Lexotanil is a drug that has a soporific effect. I just gave half a pill to my Golden Retriever in order to damp her fears and propitiate her. Kala's small black eyes look refulgent as she wonders how she suddenly feels assuaged. Every time there's a storm, she becomes impetuous and alarmed, she cries and screams in vexation, and her whole body trembles. After 20 minutes of what I would call a plethora of lightning and rain, the storm abated.
Right now, Kala stays phlegmatic against the pristine glass door that divides the living room from the study, where I'm currently writing this turgid essay. I feel happy the drug was able to mollify her, last time it rained I thought she would get a heart attack. The back yard is completely flooded, so much that it is untenable, even for Kala to go to the bathroom. Golden retrievers have been touted of being the friendliest dogs on Earth. Of course, I have complete proclivity to agree with this laudatory statement and I hope people don't mistake it for hubris.
Sometimes people come here and fawn over how beautiful her face is or how loving and innocuous she is. In the other hand, some very few people, such as my friend Claudia, feel that Kala lacks decorum, hence she's annoying, so she gets treated with derision. The only thing that bothers me about my dog is that any type of food (even a pill) has a pungent smell for her, so she begs me to let her eat it. Some people have a glib outlook on dogs, they don't realize what amazing companions they are. In general though, Kala is amenable to most people.
She's six years old and as she gets older I realize how she's really not immutable. For example, three years a go she wasn't afraid of rain. Now she is. Even though she looks innocuous, I have to say, she can be inimical to some people. The good thing is that she has a six sense of knowing who to be harmful to. She only attacks very mean people. Last time I traveled north, I bought her a quixotic necklace that my mother has grown to hate because it makes a din sound when she starts to run around rapidly throughout the house.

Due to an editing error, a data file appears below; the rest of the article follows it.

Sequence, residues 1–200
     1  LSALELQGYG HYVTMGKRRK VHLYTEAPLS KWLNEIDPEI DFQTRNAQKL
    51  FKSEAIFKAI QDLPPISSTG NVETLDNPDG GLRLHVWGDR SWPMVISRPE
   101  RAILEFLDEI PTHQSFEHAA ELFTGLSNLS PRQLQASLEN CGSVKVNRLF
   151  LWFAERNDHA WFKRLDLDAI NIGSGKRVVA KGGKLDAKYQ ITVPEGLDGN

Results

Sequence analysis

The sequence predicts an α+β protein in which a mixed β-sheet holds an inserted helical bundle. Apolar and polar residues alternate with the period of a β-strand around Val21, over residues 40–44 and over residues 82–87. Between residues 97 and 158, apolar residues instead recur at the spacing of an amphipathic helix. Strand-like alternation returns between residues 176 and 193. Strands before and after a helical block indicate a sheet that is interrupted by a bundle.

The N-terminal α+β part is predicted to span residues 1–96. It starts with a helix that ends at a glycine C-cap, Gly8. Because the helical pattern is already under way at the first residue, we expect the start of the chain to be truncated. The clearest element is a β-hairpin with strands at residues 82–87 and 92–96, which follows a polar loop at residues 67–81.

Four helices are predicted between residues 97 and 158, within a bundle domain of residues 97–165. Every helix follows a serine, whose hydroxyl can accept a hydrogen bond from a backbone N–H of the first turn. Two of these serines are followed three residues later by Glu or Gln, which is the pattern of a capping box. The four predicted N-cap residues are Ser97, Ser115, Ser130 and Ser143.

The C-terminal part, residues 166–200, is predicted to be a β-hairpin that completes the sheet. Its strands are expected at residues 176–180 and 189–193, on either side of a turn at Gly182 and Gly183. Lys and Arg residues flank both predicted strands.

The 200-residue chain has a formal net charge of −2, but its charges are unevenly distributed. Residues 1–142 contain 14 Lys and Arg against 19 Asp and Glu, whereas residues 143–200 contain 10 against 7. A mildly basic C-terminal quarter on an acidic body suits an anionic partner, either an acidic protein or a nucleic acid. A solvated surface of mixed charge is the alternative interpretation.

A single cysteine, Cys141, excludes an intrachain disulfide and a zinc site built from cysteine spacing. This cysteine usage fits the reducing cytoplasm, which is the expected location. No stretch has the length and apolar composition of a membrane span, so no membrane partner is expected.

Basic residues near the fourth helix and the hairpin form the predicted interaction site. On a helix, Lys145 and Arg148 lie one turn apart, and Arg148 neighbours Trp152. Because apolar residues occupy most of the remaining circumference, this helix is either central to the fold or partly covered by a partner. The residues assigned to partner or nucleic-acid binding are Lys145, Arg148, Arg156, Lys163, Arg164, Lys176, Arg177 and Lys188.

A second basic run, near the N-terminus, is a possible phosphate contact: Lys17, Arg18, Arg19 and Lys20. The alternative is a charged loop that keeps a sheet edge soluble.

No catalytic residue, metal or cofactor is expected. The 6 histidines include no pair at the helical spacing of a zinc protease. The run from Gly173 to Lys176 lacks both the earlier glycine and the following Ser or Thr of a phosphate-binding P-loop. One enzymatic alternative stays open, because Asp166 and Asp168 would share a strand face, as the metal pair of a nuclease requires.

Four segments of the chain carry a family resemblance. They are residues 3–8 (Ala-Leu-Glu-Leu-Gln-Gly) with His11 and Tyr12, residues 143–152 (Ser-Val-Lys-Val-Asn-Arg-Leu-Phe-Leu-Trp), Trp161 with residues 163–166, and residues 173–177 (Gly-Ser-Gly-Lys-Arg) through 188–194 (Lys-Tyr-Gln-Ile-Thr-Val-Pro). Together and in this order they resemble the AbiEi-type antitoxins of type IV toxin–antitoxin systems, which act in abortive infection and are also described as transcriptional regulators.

My mother always says dogs are like babies. You have to take good care of them all the time. In our experience, pervasive flees in our backyard have made her very sick a couple of times. Sick enough to take her the vet and be treated with medication. Anytime I drop a glass of water, I clean the floor thoroughly and become paranoid that she'll eat or harm herself with a shard of glass.
Many friends are allergic to her fur, even I've grown allergic to it because dust seems to accumulate in it. Three months a go we had her fur shaved, and she looked pretty funny, some people said she looked like a sheep. Her hair grew back very fast, but now its variegated with different tones of beige. It definitely rarified her, so we're happy she looks more unfeigned.
When Kala was little she misbehaved a lot. Actually, she had mostly one problem of conduct. She would pee, or take a dump, over my mother's favorite urbane rugs. Every time she would do this, I would flout her, and my mother would vituperate in disappointment. After a few minutes, Kala would feel so contrite that, with an impossible to describe attitude, she would beg for expiation or forgiveness.
Her presence has become ubiquitous in this house. She is a key element in our quotidian lives.